Last week, I came across a news story that made me think, and got me talking with a colleague or two. You probably saw or read it: a woman sued Google when the directions she got from Google Maps put her in the wrong place at the wrong time at she was struck by a moving vehicle.

It made me smile and angry all at the same time and think about how we’ll sue anyone for anything at any time in this country. Remember the woman who sued McDonald’s because her hot coffee was so hot that when she spilled it she burned herself—and the crux of the lawsuit being not that the coffee was too hot but that McDonald’s hadn’t warned her that coffee was hot?

Responsibility, anyone?

It seems that the story about the bad directions was first put on the Internet by a blogger. And not surprisingly, it got huge, and was picked up by media outlets all over the world, including “the big guys”.

And many of them failed to give credit to their original source.

I don’t know the guy who broke the story. I don’t know how real a journalist he is, or whether he has aspirations to work for a newspaper, wire service or some other traditional media outlet and so really could have used the credibility that credit would have given him. But I do know two things:

  • If you steal a story from one of the big guys they send their attorneys after you
  • The little guy is being pushed farther and farther back down the Internet food chain

I’ve told the story about how the managing editor at C|Net had the nerve to ask me to post comments on their web site but not to take credit. I’ve weighed in on how bad the NoFollow attribute is for the exchange of free ideas.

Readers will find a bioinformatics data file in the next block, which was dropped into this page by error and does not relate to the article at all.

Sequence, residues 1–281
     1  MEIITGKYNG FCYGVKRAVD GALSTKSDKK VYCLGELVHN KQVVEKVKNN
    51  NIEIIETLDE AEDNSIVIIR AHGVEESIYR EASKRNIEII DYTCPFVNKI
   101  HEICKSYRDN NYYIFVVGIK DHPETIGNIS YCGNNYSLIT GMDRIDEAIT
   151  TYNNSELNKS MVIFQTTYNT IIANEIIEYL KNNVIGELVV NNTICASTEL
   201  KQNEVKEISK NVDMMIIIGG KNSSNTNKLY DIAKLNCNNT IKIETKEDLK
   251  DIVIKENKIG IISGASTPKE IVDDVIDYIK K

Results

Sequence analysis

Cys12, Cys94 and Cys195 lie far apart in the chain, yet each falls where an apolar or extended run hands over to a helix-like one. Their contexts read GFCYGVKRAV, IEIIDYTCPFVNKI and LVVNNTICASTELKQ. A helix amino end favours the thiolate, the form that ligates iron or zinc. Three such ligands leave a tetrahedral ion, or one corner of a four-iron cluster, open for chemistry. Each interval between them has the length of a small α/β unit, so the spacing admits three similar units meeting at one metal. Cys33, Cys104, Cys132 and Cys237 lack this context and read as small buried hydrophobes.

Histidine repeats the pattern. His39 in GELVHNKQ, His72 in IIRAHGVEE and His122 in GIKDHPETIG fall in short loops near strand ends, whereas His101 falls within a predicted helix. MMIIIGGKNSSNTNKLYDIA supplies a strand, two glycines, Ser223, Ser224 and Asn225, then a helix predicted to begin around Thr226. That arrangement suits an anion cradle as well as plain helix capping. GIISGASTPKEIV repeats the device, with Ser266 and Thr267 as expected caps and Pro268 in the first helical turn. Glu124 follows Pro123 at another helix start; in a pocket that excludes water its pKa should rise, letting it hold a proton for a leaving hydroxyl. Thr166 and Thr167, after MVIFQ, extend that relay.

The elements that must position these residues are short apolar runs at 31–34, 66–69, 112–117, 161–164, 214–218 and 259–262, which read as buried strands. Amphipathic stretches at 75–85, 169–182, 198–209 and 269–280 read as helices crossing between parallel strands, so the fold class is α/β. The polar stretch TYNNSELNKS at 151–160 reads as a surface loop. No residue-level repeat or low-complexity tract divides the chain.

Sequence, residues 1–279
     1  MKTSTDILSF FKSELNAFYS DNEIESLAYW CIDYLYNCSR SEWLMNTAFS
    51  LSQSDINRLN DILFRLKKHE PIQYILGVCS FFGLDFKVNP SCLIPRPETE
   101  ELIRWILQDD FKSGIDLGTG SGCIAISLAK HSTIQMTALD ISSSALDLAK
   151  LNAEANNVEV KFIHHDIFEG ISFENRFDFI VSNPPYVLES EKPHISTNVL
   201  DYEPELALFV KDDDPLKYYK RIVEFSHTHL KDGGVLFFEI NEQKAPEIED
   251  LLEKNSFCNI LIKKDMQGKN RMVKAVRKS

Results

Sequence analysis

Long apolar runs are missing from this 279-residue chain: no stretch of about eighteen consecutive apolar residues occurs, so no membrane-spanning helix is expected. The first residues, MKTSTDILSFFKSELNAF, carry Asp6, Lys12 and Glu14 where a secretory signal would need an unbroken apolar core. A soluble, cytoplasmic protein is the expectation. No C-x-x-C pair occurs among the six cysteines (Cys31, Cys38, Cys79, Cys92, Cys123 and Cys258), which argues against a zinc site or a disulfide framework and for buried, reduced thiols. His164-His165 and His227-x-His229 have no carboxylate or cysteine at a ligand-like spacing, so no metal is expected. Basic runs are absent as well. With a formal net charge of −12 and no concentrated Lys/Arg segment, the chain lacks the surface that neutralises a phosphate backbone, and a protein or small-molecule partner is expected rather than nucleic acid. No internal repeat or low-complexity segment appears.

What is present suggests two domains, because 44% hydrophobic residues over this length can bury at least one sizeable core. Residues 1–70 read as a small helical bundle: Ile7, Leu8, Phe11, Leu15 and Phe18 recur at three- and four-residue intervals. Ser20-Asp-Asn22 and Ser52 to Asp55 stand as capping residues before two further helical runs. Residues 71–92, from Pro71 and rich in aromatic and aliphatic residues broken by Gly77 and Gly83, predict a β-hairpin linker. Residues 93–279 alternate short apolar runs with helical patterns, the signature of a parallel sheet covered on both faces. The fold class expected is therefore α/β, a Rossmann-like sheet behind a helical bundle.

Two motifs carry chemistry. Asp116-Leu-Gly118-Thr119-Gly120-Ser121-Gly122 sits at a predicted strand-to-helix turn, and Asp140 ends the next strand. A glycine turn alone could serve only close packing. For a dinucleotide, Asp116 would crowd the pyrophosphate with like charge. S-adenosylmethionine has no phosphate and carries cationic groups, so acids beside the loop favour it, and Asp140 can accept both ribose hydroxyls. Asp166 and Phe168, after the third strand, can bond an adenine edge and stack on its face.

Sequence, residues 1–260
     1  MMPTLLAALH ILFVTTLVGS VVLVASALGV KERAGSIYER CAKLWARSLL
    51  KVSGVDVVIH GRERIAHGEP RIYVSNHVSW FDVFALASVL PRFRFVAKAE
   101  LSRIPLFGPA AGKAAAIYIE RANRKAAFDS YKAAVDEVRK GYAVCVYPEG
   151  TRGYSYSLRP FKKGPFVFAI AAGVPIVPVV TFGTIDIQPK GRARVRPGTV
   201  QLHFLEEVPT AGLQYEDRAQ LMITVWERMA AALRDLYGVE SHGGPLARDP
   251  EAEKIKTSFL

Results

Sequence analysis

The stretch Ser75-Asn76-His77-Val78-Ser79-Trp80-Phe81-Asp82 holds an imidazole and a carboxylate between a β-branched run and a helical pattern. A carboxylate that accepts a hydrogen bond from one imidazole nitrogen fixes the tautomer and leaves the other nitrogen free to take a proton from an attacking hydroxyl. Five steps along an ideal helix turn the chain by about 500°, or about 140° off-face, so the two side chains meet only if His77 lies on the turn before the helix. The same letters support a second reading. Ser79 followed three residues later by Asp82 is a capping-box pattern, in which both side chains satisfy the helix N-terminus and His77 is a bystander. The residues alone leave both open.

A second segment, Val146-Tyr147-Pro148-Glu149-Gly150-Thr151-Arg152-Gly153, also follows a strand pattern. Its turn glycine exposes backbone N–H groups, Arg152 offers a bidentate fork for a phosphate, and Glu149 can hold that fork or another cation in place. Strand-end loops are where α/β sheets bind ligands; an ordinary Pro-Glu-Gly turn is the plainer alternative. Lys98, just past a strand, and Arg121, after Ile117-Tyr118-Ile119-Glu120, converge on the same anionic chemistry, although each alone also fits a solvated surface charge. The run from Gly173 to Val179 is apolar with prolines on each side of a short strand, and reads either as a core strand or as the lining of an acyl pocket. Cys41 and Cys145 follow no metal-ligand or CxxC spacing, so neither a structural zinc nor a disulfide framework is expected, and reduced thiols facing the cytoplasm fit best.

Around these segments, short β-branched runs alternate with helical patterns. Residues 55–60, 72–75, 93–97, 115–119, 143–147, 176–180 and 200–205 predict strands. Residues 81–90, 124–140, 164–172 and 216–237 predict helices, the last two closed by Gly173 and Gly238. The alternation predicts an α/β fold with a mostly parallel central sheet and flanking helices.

I’ve even pointed out how difficult it is to get attention even if you write a great blog.

But when big news outlets steal . . . when they ignore their own rules . . . and when they do that to the little guys but not to each other . . .  the little guy has to fight back.


First, ignore how difficult it is to get attention. Whether you’re trying to be an important media source or you’re selling goods and services, you must get serious about your Internet presence. Ignore that business change and you will soon have no business.

Second, if you aren’t quite sure how to “get into social media”, ask for help. Yes, I’d like you to ask us, but if not, ask someone.

Third: recognize that as important as social networking is, you also have to start doing Search Engine Optimization. It’s not hard, by the way; you could do it yourself if you learned just a few things and had the time.

Most important, though: understand that the Internet is not just a place to read and consume; it’s a place to speak. Find your voice. Craft it. And Use it. I promise; this is the most important business change you’ll ever make.

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